Veiwing distance.....

I am in a 13X19 room, screen is on short wall, my speakers are 9 feet apart and I have a Sony XBR WEGA 30 inch wide set, my question is for ideal viewing ditance for movies, not casual viewing wich dictates couch is close to back wall, but should I pull my couch up for movies? thanks for your continued help....Chad
I have a 65in.rptv same dimension as your short wall.In front of this tv I have a 92in auto screen that comes down for those "un-casual" viewing moments. Pull the couch up--way up!!
For a 30in widescreen TV, you need to be between 2 to 3 metres away for optimum viewing. Too close, you could get a headache and too just not as as fun.
I would try different distances. I have a low tolerance for being too close. People differ in this respect. If you have to move your eyes back and forth a lot to see all the action at once, then you are too close. that is what gives you the headache.
Dr. Chung

Why mix inches with metric? You seem to be suggesting a viewing distance of about 2 to 4 times the width of the screen, which is in line with the usual recommendations.

I have a 36 XBR with a 30" wide screen, and would prefer being closer to the 2 times the width for viewing, but that is too close for listening with external speakers, and I want to be able to enjoy either stereo music or video without moving the chairs, so I let good stereo imaging drive the viewing/listening distance. I do not use the center channel for music. My front LR speakers, center to center, are about 7.5' apart and 3.5' from the wall behind them, in a room 14' X 19', so my viewing distance is about 9', or 3.6 times the width (3 times the diagonal), which I consider a bit too far for an enveloping video experience with progressive scan movies or HDTV.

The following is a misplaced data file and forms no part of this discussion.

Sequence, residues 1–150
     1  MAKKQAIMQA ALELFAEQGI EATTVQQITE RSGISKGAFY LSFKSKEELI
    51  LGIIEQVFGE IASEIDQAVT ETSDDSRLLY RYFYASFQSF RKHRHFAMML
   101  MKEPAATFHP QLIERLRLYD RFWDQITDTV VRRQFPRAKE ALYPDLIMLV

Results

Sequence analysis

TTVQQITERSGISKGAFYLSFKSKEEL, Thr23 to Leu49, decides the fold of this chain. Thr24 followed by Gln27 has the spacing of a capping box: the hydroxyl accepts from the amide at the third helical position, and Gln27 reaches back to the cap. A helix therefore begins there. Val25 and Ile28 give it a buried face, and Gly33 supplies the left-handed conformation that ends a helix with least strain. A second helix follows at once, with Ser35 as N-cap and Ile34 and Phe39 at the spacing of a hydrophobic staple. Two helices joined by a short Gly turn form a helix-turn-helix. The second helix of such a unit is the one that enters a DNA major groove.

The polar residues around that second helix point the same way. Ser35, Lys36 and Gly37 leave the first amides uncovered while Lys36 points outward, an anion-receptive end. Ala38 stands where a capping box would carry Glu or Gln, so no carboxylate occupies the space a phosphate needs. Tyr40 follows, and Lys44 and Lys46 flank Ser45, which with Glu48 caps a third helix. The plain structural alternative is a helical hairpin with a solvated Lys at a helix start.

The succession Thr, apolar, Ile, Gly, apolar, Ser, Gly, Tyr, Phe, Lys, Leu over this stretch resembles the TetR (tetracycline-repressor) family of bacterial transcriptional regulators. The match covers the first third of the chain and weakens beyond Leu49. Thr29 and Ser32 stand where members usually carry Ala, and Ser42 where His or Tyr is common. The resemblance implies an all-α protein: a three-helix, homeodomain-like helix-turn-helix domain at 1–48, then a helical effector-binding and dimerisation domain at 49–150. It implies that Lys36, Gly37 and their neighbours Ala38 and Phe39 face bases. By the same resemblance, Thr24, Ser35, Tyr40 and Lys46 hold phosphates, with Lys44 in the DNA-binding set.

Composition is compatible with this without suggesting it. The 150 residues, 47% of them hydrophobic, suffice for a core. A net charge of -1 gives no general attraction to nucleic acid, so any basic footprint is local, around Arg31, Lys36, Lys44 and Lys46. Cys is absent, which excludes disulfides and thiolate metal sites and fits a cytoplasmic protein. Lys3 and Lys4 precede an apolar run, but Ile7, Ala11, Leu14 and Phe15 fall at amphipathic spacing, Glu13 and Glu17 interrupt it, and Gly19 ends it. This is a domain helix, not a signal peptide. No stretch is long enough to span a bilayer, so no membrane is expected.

I suspect 9' may be too much separation for Chad's 30' wide (36 XBR?) screen. My audio system, even with stereo music, generates a soundstage that dwarfs the video from the 36 XBR, so I plan to move to an 80" X 45" front projection screen, where 9' would be 2.4 times screen height (1.35 times screen width).

If I cant move my speakers any closer together, what is the best happy medium for sight and sound in your guys' opinion?
A bias light might help with fatigue.

It depends on whether you care about stereo music. If not, and assuming you use a center channel, let the video consideration be your guide, say 2 to 3 times the image diagonal, but I'd prefer 6' (2 X) rather than 9' (3 X ) for a 36 XBR.

In my experience, good sound is much easier to achieve for movies than for music. My Sony ES receiver was fine for movies, but lacked transparency and openness for music, so I returned to my high-end separates, and moved the receiver to a secondary system.

OK thanks, I will try pulling the loveseat up to 6 ft for movies..I just want to be as close as makes sence for a good movie experience.....thanks alot all!